The road through grief is long and painful. 

The rear view offers clarity but for the parents with children on Bus 366, the warning signs were there. 

Five Woodmore Elementary School mothers find comfort together as they share their story with Channel 3. 

For Diamound Brown and Misti Nash, their interactions with bus driver Johnthony Walker were nothing out of the ordinary. 

"The first one was just him telling me that my son is always dancing in the aisles, could I ask him to have a seat while I'm driving. I told I would, which I had the conversation and I never heard anything else about it," Brown said. 

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"He didn't get smart with me. We had a decent conversation like two grown ups would have a conversation," Nash added. 

But Demetrius Wilson and Jasmine Mateen have a different story. 

Wilson's son Keonte didn't always get to ride the bus. 

"He had a lot of suspensions off the bus. Him and the bus driver really didn't get along," Wilson said. 

"They came home almost every day complaining about him and I would write letters, I would call up to the school, I would go to the school and the bus stop and nothing ever happened," Mateen added.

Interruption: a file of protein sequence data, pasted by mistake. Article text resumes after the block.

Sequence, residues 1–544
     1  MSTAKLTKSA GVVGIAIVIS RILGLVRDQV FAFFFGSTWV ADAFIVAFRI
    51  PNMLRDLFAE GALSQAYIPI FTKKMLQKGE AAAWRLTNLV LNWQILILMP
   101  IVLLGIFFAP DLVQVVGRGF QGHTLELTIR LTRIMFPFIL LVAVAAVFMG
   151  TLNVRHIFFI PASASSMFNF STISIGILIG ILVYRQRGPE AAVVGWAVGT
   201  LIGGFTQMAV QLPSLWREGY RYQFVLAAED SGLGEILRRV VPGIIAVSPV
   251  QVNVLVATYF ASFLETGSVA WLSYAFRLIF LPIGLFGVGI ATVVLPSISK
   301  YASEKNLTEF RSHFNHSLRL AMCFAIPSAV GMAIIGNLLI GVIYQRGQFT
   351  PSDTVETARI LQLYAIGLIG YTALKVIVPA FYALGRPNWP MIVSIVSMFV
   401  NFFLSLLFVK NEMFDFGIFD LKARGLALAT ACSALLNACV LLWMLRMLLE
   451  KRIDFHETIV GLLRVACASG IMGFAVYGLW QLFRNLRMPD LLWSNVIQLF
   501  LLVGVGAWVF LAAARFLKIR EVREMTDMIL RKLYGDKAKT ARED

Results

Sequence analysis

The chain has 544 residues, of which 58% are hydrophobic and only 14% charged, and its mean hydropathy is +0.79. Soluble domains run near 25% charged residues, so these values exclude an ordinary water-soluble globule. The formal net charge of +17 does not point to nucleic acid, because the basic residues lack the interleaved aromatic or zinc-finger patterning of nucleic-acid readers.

Mateen and Brown say the school system and the bus company had plenty of information to deal with Walker. 

"They failed us. Johnthony Walker didn't fail me as a mother," Brown said. 

Since the crash, Brown said she learned Walker skipped Durham's required safety meetings, a claim Durham has not confirmed. 

Brown said the company should have followed up. 

"He could have gotten any kind of tips out of those safety meetings that could have helped him be a better bus driver or helped him be a little safer on the bus," she added. 

Misti Nash met privately with Durham's CEO to discuss the crash that killed her daughter Zoie. 

A meeting, she said, helped her deal with grief. 

"I don't blame him for what happened. It was an accident," Nash said, "Everybody feels like Durham doesn't understand where we're coming from but in my opinion and how I feel, I feel like they do."

Latesha Jones is not convinced. 

She lost her daughter Cor'dayja and it's hard for her not to assign blame. 

"First of all he was on the wrong route. Second, he was speeding. Everything could have been prevented," Jones said. 

Despite their differences, shared sorrow bonded them and purpose now unites them. 

That purpose: Forever change the way children get to and from school. 

"This is a lesson for this to never have to happen again," Brown said.

A lesson that adds focus to the road ahead, a road of remembrance.